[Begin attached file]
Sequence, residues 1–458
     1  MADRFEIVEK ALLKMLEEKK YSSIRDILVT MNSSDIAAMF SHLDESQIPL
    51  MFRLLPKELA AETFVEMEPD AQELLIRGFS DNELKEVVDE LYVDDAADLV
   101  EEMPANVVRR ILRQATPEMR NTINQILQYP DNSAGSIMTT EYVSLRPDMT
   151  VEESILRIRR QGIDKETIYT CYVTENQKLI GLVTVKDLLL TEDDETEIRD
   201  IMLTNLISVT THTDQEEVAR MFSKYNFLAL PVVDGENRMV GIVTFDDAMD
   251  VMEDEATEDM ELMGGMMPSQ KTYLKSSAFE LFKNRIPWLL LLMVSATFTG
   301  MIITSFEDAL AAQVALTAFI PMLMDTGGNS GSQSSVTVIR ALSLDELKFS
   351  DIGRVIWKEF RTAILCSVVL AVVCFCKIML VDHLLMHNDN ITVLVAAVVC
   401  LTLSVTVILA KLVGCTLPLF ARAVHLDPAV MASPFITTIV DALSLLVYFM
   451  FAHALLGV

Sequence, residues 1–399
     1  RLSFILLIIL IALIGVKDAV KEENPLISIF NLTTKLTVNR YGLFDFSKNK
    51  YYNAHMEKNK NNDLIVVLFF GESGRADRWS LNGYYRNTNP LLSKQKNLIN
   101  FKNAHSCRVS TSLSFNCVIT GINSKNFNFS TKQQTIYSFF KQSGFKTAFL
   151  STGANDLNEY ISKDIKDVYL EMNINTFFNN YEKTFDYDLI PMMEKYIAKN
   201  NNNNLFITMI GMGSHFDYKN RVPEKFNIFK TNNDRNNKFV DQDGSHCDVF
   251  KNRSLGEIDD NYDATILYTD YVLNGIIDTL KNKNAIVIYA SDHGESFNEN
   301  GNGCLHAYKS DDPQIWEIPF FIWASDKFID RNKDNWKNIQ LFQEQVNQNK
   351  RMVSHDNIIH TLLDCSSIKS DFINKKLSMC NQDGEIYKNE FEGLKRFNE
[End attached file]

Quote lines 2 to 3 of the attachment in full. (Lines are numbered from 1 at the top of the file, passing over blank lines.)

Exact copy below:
     1  MADRFEIVEK ALLKMLEEKK YSSIRDILVT MNSSDIAAMF SHLDESQIPL
    51  MFRLLPKELA AETFVEMEPD AQELLIRGFS DNELKEVVDE LYVDDAADLV